“I said to myself when you get your chance, balls to the wall,” Charles said. “I was willing to do anything to make it happen.”
For a year, he worked 85 to 90 hours a week and barely left the arena, sleeping on a practice table and using towels as a blanket. To this day, almost no one knows he was doing it. Most days, Charles would finish work at 2am and would have to be back at 6am, so it made sense for him to sleep in the yard instead of dealing with Atlanta traffic.
The yard also had everything he needed, from unlimited snacks and food to cable TV. His night was basketball, a shower, and four hours of sleep to be his first and last night on the job.
“Growing up where I grew up in Scarborough, it was just about whatever you wanted to be competitive,” said Charles. “From Victoria Park, my boys and I rode our bikes to the SkyDome just to see who could do it first, for no reason. This is before cell phones. Parents are going crazy. It was all love, but it was very competitive, that area; competition (was born).”
Jermaine Small, the men’s basketball coach at the University of Lethbridge, grew up with Charles and said his competitiveness had faded. He remembers how Charles would get friends to ride their bikes to the other end of town to play other basketball talents.
“He was very competitive,” said Small. “He’s the kind of guy who wants to be the best. He doesn’t settle for second, third, or anything like that. If he does something, he wants to be the best at it.”
Charles will accept any assignment — setting up the court, washing and rebounding, helping players practice, scouting, cutting the tape and watching assistant coaches — no questions asked. His work did not go unnoticed. The head coach at the time, Fred Williams, brought him in as a basketball operations assistant for the next year.
Their relationship blossomed to the point where Williams accepted a head coaching job with the Tulsa Shock after he left her at Atlanta, and offered Charles a job as a video coordinator. In the next few years, Charles tasted just about every job as Tulsa’s WNBA team moved to Dallas in 2016. He was director of basketball logistics for a few seasons, and even an assistant coach for part of a year.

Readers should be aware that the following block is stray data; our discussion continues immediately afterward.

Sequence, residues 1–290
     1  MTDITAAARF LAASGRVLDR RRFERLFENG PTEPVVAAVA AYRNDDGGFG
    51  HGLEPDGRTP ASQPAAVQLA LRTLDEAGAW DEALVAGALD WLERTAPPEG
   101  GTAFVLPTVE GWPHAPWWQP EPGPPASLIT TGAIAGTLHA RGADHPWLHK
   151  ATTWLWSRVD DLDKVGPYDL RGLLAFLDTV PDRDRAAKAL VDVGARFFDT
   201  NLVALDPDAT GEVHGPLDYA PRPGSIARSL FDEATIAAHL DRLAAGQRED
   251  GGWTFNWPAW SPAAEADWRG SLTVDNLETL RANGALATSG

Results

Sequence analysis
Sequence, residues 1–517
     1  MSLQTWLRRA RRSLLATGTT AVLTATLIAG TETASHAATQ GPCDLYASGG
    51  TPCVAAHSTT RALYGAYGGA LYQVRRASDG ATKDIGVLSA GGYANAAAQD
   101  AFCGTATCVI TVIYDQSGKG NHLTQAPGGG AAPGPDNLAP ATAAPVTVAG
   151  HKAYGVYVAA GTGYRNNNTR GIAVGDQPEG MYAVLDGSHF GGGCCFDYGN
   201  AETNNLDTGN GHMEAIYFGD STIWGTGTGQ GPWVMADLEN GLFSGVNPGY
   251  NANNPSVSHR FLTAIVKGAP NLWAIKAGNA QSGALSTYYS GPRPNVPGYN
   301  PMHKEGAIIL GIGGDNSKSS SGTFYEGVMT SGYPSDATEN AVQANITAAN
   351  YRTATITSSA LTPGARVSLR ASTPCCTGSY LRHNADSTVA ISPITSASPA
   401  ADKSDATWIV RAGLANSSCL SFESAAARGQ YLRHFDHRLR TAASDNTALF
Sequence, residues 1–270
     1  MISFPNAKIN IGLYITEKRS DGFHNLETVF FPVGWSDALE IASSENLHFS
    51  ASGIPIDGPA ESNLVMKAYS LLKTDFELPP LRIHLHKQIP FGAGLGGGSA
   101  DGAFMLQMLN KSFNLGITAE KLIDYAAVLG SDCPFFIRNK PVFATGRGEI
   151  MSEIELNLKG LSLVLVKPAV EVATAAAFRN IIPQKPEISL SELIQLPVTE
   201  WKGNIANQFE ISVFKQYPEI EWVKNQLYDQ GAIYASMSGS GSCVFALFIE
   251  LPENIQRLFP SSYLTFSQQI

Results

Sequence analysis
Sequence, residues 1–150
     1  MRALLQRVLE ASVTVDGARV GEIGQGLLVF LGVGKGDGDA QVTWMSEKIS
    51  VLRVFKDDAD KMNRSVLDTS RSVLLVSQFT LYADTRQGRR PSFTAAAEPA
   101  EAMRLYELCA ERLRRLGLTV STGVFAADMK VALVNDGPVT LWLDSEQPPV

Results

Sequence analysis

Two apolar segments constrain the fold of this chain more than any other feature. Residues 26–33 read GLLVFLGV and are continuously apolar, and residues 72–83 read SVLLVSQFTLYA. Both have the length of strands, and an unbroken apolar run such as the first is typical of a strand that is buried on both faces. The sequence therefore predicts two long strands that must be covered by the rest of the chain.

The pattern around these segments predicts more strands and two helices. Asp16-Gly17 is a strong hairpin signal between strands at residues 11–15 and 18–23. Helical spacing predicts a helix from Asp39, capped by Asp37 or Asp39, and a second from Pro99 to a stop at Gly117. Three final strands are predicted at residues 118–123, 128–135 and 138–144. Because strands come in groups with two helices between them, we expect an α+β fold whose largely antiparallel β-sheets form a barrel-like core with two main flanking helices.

This came as no surprise to Kareem Griffin, a close friend of W Toronto women’s basketball champion, When he heard that Charles was looking to move into the management side and get more involved in the decision-making process.
Griffin visited Charles when he was an apprentice in Atlanta, and he remembers how he always envisioned managing a team.
“Fred Williams gave him the opportunity and he never looked back,” said Griffin. “He’s living his dream, and words can’t even describe the feeling. This is my brother.”
In 2019, Charles continued to rise in the Wings organization, becoming Director of Basketball Operations. Two years later, he was promoted to senior manager, and this past August was named vice president of basketball operations and assistant general manager.
Charles helps manage free agency decisions and hires – including the Wings’ new head coach Latricia Trammell.
He also attends league meetings, as he’s not the only Canadian in the room. He’s one of only a handful of black executives in the WNBA – though that number is growing. The league received an A for its racial and gender practices in 2022, according to the annual report from the Institute for Diversity and Ethics in Sport. The number of blacks in positions from vice president upwards rose 5.2 percentage points to 22.4 percent in 2022.
The largely unknown basketball mind from Scarborough has kept quite a low profile during his basketball journey, but he no longer thinks this is necessary. Charles now feels a sense of responsibility to show others that what he has accomplished is possible.
He has plans to start a scholarship with Paris Media Group in Toronto, which does community outreach work, to help young people trying out for basketball in the United States. He also hopes to do some motivational speaking.
“Trust me when I say this: If I can do it, anyone can do it… You just have to try to have a dream, have a vision, and then follow through.”